Senin, 14 Mei 2012

Sensory Activities for Autistic Children

Autism, a disorder that creates behavioral, social, and communication challenges, exists within the Autism Spectrum group of disorders. Autism can affect the child's ability to integrate input coming from different senses. Sensory integration therapy can help a child by stimulating and challenging all of his or her senses. Some sensory activities for autistic children can also help a child learn to tolerate different tactile experiences. In addition, the children can learn to have fun while being creative.

Some autistic kids are overly sensitive to touch; some prefer touching and stroking soft, smooth items for hours. Many children with ASD cannot tolerate the feel of new clothes, or scratchy textiles. Still others pat and explore the faces of their caregivers.

Some sensory activities for autistic children include rubbing or stroking their skin with different textures. Use firm pressure to stimulate the deep pressure receptors and to avoid exciting the nervous system. Other ways of encouraging building tolerance to rough or scratchy textiles can include play with sandpaper shapes and letters, or plastic or wooden blocks with raised letters. Create a sensory board with clippings of all different types of fabric and other materials that are made up of different textures: sandpaper, string, smooth glass, corduroy, aluminum foil that's been crinkled up and then straightened out, and cardboard.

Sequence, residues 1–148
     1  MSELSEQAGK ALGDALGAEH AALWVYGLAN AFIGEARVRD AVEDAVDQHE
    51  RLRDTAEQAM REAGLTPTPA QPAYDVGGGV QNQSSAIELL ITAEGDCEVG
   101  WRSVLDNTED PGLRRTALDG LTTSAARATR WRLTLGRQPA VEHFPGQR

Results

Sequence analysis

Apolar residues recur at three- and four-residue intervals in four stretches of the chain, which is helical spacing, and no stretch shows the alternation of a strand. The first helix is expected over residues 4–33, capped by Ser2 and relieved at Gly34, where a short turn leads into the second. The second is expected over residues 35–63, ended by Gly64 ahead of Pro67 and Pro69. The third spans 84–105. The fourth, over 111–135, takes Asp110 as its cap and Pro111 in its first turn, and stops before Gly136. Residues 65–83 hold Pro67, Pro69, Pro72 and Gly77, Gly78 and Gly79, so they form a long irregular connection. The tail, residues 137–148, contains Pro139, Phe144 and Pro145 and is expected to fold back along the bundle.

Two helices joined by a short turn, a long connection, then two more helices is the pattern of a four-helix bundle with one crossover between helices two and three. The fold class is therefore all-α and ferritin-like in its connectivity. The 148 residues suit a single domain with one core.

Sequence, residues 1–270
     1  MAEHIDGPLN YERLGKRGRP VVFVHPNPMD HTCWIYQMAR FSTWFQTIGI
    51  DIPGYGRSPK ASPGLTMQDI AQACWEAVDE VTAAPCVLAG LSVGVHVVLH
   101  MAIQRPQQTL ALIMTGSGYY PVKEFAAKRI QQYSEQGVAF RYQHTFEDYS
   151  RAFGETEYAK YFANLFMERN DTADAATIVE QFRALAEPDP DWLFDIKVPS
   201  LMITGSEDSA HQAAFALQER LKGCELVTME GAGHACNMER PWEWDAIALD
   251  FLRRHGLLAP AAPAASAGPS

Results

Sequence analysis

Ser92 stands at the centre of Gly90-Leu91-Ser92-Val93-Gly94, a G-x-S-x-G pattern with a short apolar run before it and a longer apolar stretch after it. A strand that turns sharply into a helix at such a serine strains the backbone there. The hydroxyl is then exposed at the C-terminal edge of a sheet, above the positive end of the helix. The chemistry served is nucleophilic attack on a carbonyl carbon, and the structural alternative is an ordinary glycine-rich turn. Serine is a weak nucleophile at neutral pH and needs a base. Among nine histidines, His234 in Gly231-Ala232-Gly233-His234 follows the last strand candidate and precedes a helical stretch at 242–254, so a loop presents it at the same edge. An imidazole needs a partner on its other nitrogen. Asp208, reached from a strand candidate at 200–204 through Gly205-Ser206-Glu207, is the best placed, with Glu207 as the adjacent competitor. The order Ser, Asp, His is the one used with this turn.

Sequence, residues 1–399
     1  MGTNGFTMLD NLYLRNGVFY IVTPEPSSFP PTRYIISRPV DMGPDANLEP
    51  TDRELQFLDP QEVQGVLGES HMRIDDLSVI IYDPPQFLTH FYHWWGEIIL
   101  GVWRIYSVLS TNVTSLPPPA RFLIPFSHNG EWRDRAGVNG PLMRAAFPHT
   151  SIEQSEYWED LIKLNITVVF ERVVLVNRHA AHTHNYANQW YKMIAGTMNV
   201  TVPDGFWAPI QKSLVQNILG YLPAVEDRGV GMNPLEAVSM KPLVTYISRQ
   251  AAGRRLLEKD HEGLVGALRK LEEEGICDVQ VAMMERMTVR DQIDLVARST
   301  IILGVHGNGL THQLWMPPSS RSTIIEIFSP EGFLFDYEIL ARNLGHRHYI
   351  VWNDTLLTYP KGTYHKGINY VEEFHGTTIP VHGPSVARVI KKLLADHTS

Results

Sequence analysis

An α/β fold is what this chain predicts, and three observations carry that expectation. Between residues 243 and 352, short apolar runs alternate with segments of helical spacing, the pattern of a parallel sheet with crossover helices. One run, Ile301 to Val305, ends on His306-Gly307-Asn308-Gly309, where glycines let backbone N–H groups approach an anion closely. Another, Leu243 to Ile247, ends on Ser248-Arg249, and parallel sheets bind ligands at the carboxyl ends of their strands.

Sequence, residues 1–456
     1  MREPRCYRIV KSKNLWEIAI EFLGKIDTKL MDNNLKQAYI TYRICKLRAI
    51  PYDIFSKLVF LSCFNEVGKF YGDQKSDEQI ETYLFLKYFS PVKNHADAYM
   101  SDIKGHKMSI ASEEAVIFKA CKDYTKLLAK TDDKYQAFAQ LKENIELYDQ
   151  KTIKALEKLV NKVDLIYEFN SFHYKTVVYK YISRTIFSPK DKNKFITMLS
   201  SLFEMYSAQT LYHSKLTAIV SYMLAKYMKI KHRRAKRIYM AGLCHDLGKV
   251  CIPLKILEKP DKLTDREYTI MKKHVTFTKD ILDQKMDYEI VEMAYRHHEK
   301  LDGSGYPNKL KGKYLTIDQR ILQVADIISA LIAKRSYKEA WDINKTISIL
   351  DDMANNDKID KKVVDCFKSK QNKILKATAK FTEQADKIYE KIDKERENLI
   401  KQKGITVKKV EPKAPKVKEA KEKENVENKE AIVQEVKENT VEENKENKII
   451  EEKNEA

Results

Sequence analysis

Another sensory activity to have the child perform is to play with colored rice. This project is both tactile and artistic; the goal is to help build tolerance to different textures while creating a work of art, which makes it a favorite of many sensory activities for autistic children. Take one cup of dry white rice, one teaspoon of rubbing alcohol, a medium-sized bowl and a spoon, aluminum foil or waxed paper, and three to four drops of food coloring. Use the rice:rubbing alcohol:food coloring ratio for each color you'd like. Put the rice in the bowl, add the rubbing alcohol, and drip on the food coloring, making sure to stir well between each drop. When the rice is the intensity you like, spread it onto the foil or waxed paper and allow it to dry. Repeat it with the other colors. To make art with the rice, have the child draw a picture or word onto card stock or bristol board, then trace the image or word with white glue, one section at a time. The child can drizzle the colored rice onto the glue. As with many sensory activities for autistic children, some kids may become overwhelmed if they have too much colored rice at once. Try placing a small amount of rice into a small paper cup and refill as necessary.

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